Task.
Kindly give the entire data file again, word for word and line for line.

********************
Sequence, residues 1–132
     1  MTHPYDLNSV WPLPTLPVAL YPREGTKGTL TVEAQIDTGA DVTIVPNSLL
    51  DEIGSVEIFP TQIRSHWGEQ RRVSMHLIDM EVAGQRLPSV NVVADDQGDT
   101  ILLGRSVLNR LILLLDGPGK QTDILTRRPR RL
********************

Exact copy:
Sequence, residues 1–132
     1  MTHPYDLNSV WPLPTLPVAL YPREGTKGTL TVEAQIDTGA DVTIVPNSLL
    51  DEIGSVEIFP TQIRSHWGEQ RRVSMHLIDM EVAGQRLPSV NVVADDQGDT
   101  ILLGRSVLNR LILLLDGPGK QTDILTRRPR RL